Furthermore, on the other side of the Atlantic, the US administration has requested a budget of €1.7 billion over the next five years to be spent on the Freedom Car and Freedom Fuel Programmes, which include a heavy emphasis on hydrogen and fuel cells. The co-operation between the EU and the US, officially stated in the Fuel Cells Amendment signed today, represents a significant step forward in the strengthening of their scientific and technical relations and in the building-up of a global critical mass for research in this sector.
Fabio Fabbi | European Commission
Waste from paper and pulp industry supplies raw material for development of new redox flow batteries
12.10.2017 | Johannes Gutenberg-Universität Mainz
Low-cost battery from waste graphite
11.10.2017 | Empa - Eidgenössische Materialprüfungs- und Forschungsanstalt
University of Maryland researchers contribute to historic detection of gravitational waves and light created by event
On August 17, 2017, at 12:41:04 UTC, scientists made the first direct observation of a merger between two neutron stars--the dense, collapsed cores that remain...
Seven new papers describe the first-ever detection of light from a gravitational wave source. The event, caused by two neutron stars colliding and merging together, was dubbed GW170817 because it sent ripples through space-time that reached Earth on 2017 August 17. Around the world, hundreds of excited astronomers mobilized quickly and were able to observe the event using numerous telescopes, providing a wealth of new data.
Previous detections of gravitational waves have all involved the merger of two black holes, a feat that won the 2017 Nobel Prize in Physics earlier this month....
Material defects in end products can quickly result in failures in many areas of industry, and have a massive impact on the safe use of their products. This is why, in the field of quality assurance, intelligent, nondestructive sensor systems play a key role. They allow testing components and parts in a rapid and cost-efficient manner without destroying the actual product or changing its surface. Experts from the Fraunhofer IZFP in Saarbrücken will be presenting two exhibits at the Blechexpo in Stuttgart from 7–10 November 2017 that allow fast, reliable, and automated characterization of materials and detection of defects (Hall 5, Booth 5306).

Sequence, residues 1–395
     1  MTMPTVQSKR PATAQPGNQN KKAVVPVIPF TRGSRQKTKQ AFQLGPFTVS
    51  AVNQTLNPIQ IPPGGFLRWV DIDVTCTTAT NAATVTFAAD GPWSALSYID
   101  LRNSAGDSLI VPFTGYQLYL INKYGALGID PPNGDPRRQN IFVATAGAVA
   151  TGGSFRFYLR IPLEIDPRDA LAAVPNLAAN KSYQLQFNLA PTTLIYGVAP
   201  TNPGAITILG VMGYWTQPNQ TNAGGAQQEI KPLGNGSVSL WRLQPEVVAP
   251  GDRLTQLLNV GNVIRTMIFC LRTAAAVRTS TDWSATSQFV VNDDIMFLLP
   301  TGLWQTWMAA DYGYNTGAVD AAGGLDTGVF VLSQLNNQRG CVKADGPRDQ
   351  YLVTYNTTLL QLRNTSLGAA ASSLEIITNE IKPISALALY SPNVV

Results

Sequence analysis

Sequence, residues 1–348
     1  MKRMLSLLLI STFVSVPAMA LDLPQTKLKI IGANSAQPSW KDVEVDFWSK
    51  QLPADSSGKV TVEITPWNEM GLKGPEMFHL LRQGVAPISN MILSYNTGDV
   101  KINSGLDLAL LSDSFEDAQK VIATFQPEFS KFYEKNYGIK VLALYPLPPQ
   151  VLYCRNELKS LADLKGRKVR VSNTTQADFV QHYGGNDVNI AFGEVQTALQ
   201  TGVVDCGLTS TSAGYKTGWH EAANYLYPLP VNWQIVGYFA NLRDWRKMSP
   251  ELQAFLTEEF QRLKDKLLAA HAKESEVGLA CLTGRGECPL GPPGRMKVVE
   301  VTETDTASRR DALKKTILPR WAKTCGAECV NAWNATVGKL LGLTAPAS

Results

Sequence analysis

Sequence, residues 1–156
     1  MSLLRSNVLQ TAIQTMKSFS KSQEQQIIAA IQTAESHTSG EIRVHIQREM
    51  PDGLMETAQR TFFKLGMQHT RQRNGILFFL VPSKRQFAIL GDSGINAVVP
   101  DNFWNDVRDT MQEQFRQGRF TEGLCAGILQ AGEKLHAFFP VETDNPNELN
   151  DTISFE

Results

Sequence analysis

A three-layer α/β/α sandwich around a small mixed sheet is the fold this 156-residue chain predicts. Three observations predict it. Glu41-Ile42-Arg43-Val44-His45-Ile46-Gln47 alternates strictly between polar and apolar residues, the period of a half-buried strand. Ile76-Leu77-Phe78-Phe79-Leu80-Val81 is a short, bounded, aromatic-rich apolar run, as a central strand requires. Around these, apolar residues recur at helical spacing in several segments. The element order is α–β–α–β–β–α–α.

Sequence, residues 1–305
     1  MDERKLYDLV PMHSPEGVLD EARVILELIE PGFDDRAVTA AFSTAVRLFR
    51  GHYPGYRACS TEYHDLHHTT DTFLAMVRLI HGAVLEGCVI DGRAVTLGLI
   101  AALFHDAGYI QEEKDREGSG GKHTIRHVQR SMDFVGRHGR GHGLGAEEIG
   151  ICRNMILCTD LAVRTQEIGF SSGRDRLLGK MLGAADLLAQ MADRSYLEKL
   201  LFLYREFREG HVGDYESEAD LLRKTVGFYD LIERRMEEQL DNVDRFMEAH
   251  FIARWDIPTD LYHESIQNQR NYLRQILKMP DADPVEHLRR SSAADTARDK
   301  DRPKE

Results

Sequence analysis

When quality testing uses time-consuming destructive test methods, it can result in enormous costs due to damaging or destroying the products. And given that...
Using a new cooling technique MPQ scientists succeed at observing collisions in a dense beam of cold and slow dipolar molecules.
How do chemical reactions proceed at extremely low temperatures? The answer requires the investigation of molecular samples that are cold, dense, and slow at...
Scientists from the Max Planck Institute of Quantum Optics, using high precision laser spectroscopy of atomic hydrogen, confirm the surprisingly small value of the proton radius determined from muonic hydrogen.
It was one of the breakthroughs of the year 2010: Laser spectroscopy of muonic hydrogen resulted in a value for the proton charge radius that was significantly...
17.10.2017 | Event News
10.10.2017 | Event News
10.10.2017 | Event News
19.10.2017 | Materials Sciences
19.10.2017 | Materials Sciences
19.10.2017 | Physics and Astronomy